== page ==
Transplanted Life
Sunday, August 14, 2005
Tax-free day is crazy. Seriously, when you think about it, it's crazy. If the state thinks not having sales tax for one weekend is going to make a significant enough amount of difference to business's bottom lines that they'll make what they lose back up in income taxes, why are they even collecting sales tax to begin with? Although when you get right down to it, any increase in business between Mass residents is probably good for the economy, just to have the money acting.

But the enthusiastic people who go out to shop because of it - what's wrong with us? Is an effective 4.76% discount really a big deal if there's no other sale going on? I was with Kate yesterday, and she spent $250 on shoes, and she'd been waiting for this weekend. She saved $12.50, which, sure, got her a movie ticket and popcorn, but is it worth not having the shoes for the past month? I don't know. I can't say I didn't get swept in, since I did buy some stuff I might not otherwise have bought, but it was total herd mentality - I was shopping with Kate and Jen, and they kept suggesting things, and you can only say "no, I don't really need this" so many times before you start to think you may be hurting their feelings.

Oh, and by the way - you know how at the movie theater, the sign says that concession prices include all applicable taxes and stuff? Popcorn wasn't any cheaper this weekend. I bet the theater is just pocketing the difference.

I was wiped out at the end of the day, though - hot, humid weather doesn't combine well with lugging shopping bags from one end of town to the other very well. The air-conditioned theater at the end of the day was very nice indeed, although it just meant that the heat hit us like a wall when we came out. We were too tired to do anything afterward.

And then there was a whole other day of it today, although I can't really talk about that other than, yeah, I did get good and soaked during the flash thunderstorm because I never have an umbrella. I will say, though, that the expedition I was dragged along today made good sense, what would it being stuff that's expensive and doesn't go on sale when you need it to. I'd say more, but it's sort of not my news to break.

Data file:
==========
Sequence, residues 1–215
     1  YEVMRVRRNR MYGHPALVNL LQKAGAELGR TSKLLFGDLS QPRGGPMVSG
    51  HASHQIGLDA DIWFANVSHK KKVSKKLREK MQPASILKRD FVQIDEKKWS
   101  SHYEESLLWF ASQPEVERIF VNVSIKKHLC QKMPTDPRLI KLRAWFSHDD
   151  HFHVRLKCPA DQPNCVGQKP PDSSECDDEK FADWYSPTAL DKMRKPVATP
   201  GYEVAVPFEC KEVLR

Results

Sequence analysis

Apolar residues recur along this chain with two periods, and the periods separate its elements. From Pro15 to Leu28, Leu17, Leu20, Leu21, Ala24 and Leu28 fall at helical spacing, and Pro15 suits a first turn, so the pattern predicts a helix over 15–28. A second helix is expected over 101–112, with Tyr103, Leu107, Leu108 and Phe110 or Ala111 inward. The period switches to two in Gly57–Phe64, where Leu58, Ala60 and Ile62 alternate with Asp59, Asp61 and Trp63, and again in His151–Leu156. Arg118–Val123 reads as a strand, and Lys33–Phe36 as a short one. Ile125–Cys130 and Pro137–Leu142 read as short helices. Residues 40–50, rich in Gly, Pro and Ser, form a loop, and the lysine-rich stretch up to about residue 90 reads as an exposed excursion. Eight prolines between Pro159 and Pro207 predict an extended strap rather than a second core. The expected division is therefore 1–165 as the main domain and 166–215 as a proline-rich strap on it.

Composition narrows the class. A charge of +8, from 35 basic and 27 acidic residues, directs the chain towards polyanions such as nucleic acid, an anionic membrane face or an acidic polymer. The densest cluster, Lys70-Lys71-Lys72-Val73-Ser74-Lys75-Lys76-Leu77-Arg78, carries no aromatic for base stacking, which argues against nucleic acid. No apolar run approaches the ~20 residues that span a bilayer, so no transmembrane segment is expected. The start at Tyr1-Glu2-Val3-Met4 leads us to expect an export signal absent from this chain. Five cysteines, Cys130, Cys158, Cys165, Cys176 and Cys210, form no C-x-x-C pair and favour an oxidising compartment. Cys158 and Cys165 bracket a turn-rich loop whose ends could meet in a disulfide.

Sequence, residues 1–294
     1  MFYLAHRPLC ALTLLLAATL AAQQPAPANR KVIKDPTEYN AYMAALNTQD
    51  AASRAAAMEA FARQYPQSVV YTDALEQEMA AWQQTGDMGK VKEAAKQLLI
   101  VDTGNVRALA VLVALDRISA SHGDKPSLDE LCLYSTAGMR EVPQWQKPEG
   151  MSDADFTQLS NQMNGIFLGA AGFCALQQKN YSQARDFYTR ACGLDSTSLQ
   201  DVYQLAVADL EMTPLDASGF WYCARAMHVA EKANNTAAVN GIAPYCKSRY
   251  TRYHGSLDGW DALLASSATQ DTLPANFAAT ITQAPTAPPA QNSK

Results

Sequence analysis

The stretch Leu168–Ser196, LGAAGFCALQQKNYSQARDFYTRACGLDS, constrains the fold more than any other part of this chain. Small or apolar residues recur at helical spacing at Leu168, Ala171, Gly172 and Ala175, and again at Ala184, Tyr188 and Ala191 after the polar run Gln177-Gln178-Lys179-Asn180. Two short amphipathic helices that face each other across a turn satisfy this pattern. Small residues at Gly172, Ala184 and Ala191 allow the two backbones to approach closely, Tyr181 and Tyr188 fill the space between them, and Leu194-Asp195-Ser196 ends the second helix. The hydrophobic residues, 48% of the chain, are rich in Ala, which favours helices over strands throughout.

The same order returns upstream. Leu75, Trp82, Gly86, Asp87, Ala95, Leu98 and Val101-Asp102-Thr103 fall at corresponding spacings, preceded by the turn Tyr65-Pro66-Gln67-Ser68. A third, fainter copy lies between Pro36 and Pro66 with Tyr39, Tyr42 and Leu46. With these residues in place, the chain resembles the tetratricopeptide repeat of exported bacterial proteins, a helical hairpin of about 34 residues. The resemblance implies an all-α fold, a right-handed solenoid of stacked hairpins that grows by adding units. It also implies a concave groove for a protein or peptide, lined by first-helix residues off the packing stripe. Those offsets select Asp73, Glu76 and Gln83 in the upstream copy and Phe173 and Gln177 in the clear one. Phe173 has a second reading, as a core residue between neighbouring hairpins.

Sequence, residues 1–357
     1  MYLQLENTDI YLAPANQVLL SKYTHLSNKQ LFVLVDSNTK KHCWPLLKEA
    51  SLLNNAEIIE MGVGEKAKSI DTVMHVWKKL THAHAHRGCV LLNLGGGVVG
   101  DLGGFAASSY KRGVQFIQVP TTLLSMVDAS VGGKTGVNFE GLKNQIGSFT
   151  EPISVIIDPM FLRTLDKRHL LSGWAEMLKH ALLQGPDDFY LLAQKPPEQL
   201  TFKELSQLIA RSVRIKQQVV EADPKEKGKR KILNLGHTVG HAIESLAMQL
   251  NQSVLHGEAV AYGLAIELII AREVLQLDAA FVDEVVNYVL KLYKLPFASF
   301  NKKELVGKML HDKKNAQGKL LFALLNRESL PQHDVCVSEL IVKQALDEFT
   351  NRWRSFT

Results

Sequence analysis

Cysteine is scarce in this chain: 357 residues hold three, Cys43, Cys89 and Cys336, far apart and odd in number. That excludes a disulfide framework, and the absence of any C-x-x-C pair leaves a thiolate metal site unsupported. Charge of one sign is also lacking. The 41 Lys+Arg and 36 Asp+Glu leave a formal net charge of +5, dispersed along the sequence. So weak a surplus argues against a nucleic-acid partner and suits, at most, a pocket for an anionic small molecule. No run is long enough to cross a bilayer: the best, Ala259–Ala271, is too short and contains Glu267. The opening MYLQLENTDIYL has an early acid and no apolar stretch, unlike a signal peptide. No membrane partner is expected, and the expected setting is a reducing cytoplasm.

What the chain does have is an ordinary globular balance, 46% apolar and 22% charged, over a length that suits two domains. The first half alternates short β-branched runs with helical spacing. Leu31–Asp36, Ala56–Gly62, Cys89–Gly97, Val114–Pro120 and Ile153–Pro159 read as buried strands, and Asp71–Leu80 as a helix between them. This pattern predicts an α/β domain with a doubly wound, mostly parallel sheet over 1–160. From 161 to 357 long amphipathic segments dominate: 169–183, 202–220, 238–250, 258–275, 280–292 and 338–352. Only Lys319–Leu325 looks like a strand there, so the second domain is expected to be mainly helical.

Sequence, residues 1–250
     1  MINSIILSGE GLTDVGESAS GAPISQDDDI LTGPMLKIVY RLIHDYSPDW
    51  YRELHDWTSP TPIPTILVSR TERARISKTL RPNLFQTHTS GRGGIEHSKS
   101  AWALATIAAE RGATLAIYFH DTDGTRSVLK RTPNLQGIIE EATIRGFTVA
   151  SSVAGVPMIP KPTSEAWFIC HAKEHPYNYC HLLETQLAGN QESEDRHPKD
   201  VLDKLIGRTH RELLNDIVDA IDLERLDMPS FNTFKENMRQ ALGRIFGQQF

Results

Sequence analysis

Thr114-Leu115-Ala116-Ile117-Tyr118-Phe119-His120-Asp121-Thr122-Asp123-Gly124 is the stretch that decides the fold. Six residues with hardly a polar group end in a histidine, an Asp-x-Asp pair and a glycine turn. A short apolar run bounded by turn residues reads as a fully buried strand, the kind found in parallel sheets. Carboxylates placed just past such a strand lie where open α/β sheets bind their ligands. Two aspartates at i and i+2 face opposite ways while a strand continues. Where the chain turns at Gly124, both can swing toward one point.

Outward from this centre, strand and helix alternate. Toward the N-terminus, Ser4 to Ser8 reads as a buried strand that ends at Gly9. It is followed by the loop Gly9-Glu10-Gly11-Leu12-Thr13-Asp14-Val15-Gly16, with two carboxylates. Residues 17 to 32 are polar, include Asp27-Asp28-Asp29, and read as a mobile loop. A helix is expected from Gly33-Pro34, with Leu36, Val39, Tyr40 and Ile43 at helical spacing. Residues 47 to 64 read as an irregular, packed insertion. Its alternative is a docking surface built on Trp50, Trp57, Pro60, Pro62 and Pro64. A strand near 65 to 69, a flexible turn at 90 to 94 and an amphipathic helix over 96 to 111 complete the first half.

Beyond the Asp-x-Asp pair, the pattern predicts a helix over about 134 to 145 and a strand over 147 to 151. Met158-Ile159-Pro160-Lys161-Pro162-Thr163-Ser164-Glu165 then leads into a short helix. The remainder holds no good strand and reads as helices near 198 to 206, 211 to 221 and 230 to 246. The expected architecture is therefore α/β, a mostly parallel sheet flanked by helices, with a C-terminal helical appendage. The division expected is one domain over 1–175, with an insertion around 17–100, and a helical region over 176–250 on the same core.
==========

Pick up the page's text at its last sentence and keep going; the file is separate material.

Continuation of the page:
Is it just me, or are you really becoming a woman. I mean in mind and spirit as well as the physical stuff. The blog seems slightly... different lately... the style and content more reflective of a woman's voice than a man's.
Well, what's "a woman's vioce"? I won't deny that I probably write differently now than I did two years ago, but I don't know if it's as much that what I write is more characteristically female as much as I haven't had a whole lot of big life-changing events in a while.

Sure, I'm different than I was two years ago, but I think if you eavesdropped on a parallel universe where you could read Martin Hartle's blog about his new friends and girlfriends in Seattle, the substance wouldn't be that much different - more consumer electronics, less clothes talk, sure, but I'd still be liking and disliking the same movies, following the Red Sox, and saying pretty much the same things about them.
True. I don't really think that gender has much to do with a person's tastes and interests in things.

That "woman's voice" thing - it's very hard to put into words... it's just more of a gut-feeling type of thing. How sometimes you can listen to a person and hear the things they're not telling you.

Anyhow, it's just another thought for you to ponder. ;-)
The problem there is also that the only person who knew Michelle (the brother) seems sorta clueless about her, so we don't know if Marti's starting to act like Michelle. And I suspect the male/female thing isn't as big a difference as personality types are. Otherwise the "Battle of the Sexes" would be a much more serious thing.

The theater may not be charging tax on everything anyway; some places, the state doesn't tax food, or certain types of food.

Tax-free day is really more for big purchases (though, my God, $250 shoes?) anyway, like cars or computers.
$250 on shoes. She bought more than two. Girl needs a shoe tree, whereas I am somewhat mortified to see five pairs lined up in my closet (including flip-flops).

And popcorn and the like get taxed in Massachusetts - if you have someone throw peanuts at you in Fenway, his button shows the breakdown of how much is "cost" and how much is "tax"; and the sign at the theater says "includes all taxes". Loews also used to show the prices pre-tax before GCC moved in and made their displays tax-inclusive.
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